1916 was arguably the lowest point in Anglo-American relations between the War of 1812 and Suez. Tensions arose daily over the British blockade of Europe and American attempts to mediate an end to World War I, causing Woodrow Wilson and his advisors to muse about the possibility of a future war and the British ambassador to consider withdrawing his credentials. In the background lurked even more consequential issues, particularly the steady but perceptible shift of financial – and potentially military – power west over the Atlantic. This talk explores the events of that year and particularly how popular passions and nationalism shaped the relationship.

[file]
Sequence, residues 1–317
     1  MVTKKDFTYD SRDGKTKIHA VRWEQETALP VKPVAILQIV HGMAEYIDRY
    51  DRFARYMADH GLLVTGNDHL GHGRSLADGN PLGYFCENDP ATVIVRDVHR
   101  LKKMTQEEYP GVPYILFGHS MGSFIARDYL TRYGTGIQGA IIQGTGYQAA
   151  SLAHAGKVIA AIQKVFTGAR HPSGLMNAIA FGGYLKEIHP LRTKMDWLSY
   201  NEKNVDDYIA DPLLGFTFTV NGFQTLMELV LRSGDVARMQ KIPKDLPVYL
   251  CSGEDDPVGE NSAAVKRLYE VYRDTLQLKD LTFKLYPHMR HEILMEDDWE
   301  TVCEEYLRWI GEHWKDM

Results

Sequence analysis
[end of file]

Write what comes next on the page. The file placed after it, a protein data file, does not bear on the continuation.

Andrew Gawthorpe is a University Lecturer in the Institute for History at Leiden University. He is currently leading a five-year research project on “American foreign policy and liberalism”, funded by a grant from the Dutch Research Council. He is the author of To Build as well as Destroy: The American Experience of Nation-Building in the Vietnam War (Cornell 2019) and also contributes widely to popular media, including through his podcast, America Explained.